While there is a lot that businesses can do to make it harder for hackers, we are losing ground in cyberspace as a nation, and the spate of hacking cannot be ended by regulatory changes or press releases reminding companies of the importance of implementing good security practices.  Sophisticated hackers abound—elite, dedicated teams that exist solely to wreak havoc to further criminal, economic, political, or military strategic objectives. The notion that it is reasonable for every company to successfully defend itself from sophisticated cyber attacks is outdated and unhelpful.  Just because a company has been the victim of a cyberattack does not mean that it has unreasonable security per se. It means it was a victim. Enforcement authorities in the United States should follow the lead of the FBI and the Secret Service and treat companies that have experienced such breaches as victims rather than suspects. Our only hope of stopping  cyber attackers is if companies, law enforcement, and regulators work together effectively, rather than passing around blame.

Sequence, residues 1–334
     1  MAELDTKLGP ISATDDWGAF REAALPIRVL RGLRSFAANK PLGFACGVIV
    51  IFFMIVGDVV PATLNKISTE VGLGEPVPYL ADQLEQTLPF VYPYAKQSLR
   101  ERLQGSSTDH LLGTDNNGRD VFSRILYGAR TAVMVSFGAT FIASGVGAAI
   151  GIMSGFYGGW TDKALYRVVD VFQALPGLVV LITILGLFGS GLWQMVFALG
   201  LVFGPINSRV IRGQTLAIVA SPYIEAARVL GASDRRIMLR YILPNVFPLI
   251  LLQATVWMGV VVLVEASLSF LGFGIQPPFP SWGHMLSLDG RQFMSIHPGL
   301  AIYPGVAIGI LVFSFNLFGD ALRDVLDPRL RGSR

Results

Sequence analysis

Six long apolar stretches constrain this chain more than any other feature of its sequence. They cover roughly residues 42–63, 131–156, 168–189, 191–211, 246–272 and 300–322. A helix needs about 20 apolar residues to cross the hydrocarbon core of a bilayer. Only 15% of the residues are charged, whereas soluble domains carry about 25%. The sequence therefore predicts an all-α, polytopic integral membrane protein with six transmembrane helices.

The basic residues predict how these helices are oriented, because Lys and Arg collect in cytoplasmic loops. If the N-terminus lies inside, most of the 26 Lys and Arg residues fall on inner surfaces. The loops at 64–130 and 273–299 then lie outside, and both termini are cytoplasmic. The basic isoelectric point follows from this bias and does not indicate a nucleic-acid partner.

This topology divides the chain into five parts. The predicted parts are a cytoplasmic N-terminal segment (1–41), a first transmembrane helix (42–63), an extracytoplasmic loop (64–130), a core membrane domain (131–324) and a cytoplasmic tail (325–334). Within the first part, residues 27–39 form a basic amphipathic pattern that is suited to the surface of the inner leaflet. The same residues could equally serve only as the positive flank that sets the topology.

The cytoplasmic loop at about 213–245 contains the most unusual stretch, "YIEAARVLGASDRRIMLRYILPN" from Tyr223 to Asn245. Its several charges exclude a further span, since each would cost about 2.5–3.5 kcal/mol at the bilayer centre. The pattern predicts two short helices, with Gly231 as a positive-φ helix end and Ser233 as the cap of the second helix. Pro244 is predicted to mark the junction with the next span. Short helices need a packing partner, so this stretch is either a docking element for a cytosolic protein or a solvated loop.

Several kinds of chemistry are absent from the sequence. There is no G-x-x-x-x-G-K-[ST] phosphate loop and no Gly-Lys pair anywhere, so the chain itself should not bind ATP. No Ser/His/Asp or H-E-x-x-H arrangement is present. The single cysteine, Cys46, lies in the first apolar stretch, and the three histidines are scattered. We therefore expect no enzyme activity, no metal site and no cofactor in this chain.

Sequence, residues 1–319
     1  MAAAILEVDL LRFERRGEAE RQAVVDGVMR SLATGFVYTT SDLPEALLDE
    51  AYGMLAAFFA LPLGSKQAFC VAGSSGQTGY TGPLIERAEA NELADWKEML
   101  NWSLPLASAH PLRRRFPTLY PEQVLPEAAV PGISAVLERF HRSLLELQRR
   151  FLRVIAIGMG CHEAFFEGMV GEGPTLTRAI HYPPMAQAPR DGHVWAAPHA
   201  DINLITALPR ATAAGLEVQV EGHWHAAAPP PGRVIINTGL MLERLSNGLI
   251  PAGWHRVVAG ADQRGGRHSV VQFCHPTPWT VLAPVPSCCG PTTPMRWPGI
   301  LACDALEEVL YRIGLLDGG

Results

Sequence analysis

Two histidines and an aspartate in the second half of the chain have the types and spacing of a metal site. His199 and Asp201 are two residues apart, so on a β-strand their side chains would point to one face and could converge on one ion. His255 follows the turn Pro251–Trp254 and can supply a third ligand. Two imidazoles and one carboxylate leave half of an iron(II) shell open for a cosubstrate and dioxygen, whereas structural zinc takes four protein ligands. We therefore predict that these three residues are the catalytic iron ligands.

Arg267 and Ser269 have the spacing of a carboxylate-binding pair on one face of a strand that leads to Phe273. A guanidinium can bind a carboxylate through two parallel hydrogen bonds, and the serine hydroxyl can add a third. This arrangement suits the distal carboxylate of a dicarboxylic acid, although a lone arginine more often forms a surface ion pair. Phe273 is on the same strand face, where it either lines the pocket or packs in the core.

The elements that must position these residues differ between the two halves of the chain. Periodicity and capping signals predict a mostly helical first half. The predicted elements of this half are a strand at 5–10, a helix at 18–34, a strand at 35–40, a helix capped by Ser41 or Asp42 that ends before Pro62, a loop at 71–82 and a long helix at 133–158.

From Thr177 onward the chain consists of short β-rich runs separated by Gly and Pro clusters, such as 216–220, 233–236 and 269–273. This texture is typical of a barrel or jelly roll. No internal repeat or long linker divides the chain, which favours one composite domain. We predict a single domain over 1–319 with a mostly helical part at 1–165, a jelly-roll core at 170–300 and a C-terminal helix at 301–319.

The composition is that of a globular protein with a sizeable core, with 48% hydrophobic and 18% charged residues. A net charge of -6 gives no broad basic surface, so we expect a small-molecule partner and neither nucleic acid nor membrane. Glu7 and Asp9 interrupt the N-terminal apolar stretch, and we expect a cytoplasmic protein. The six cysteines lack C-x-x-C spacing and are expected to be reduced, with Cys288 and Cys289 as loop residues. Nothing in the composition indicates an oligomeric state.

Wugmeister is a partner at Morrison & Foerster, a leading global law firm, and is co-chair of the firm’s global privacy and data security practice. Follow her on Twitter @MWugmeister